Is Your Inner Bard Sentient?

Yup, it sure is — for me, at least.

Anne’s comment got me thinking and I’d like to pose yet another question:  How do you write?

For me, my bard is sentient.  Let’s call him Little Tolstoy.  I have conversations with Little Tolstoy and we argue regularly.  We discuss how we want it to read and we rarely agree.  It usually looks something like this.

Me:  We need to get more action happening.

LT:  No, the journey to the action is just as important and powerful.

Me:  Yes, this may be quite true but do you really think we need to devote three pages to something that can be said in one?

LT:  Yes, of course.  We need to fill the reader with the emotions of the scene, make them feel it themselves.

Me:  Yes, but this particular part isn’t all that exciting, she’s just ordering dinner.

LT:  I don’t care!  The reader should feel her anxiety over her dilemma, relate to it and be just as unsure of what to order!

Me:  It’s just dinner and it’s boring.

LT:  No, it not just dinner, it’s an exploration of her character.  How decisive is she?  Does she order what everyone else gets?  Does she enjoy food so much that she can’t decide where to start?  Or does food just provide sustenance and that’s why she is indecisive?  So many things to explore here, really.

Me:  You’re crazy.  We need to cut it down.

LT:  Never.

Me:  Seriously.  You need to learn how to edit.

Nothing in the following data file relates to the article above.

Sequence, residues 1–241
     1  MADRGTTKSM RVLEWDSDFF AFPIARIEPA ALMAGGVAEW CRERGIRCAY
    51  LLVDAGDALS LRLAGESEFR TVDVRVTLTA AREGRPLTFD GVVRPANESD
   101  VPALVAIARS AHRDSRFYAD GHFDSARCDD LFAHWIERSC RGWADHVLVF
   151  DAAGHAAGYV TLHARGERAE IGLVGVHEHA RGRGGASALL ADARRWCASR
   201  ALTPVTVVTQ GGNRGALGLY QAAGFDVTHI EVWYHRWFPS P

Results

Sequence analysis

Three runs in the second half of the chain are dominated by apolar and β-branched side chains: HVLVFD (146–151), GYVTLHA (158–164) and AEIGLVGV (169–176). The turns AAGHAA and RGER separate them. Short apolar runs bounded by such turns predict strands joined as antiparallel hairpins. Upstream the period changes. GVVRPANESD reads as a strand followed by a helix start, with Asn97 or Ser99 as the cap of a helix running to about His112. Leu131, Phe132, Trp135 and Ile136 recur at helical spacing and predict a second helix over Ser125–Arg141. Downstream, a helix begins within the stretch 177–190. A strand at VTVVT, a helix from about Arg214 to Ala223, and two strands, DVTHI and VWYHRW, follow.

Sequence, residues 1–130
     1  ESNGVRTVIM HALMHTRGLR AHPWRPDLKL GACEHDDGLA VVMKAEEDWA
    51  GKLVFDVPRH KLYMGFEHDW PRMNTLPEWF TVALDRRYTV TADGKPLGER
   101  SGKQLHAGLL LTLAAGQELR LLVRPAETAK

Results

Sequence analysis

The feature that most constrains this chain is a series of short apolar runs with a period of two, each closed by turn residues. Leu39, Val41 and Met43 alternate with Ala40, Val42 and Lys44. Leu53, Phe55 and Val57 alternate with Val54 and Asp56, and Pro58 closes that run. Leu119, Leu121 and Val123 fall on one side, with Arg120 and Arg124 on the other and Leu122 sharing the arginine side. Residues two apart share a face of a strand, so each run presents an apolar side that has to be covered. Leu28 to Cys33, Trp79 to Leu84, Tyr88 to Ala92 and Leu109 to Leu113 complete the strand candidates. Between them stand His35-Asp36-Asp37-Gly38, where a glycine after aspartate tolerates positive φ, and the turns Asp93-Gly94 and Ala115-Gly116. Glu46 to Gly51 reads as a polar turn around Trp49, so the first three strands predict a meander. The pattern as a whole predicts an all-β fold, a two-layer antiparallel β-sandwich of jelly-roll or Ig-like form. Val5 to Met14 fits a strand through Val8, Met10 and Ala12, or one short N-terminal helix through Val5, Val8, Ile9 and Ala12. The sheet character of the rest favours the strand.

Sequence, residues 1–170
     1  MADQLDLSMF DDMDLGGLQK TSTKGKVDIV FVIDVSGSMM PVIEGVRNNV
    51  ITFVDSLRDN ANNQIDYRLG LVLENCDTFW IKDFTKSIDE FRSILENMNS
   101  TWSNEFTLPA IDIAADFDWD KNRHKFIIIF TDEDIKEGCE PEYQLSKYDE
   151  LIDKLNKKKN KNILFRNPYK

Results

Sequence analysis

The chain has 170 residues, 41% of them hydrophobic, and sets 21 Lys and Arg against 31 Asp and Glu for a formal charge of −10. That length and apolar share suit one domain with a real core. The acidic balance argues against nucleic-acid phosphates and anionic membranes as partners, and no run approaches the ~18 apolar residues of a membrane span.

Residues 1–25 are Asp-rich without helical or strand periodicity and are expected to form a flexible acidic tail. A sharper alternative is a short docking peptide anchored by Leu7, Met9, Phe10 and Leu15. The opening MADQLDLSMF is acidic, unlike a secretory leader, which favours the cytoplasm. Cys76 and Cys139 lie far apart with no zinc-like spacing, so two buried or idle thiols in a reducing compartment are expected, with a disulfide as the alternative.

If I were to let my inner bard loose, I would write tomes that could anchor the QEII.  As it is, I have to edit down while I’m writing only to have to edit down more after I’m done.  Cut, cut, cut and cut some more.  I know some people can start jabbing away at the keys and come up with the perfect novel without hardly any editing and I sometimes envy those people.  But then I think about how little I would get to know my characters and my plot.  Knowing these things allows me to believe in my world just as much as a reader needs to believe.

So this method may be a bit inefficient but it works for me.  I’m on my 5th incarnation of my first chapter (I’m up to chapter 6, though) and I’m still paring it down.

What about you?

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Cheryl Murphy is Asian with brown hair in a single braid and a smirk.

ACES: the society for editing


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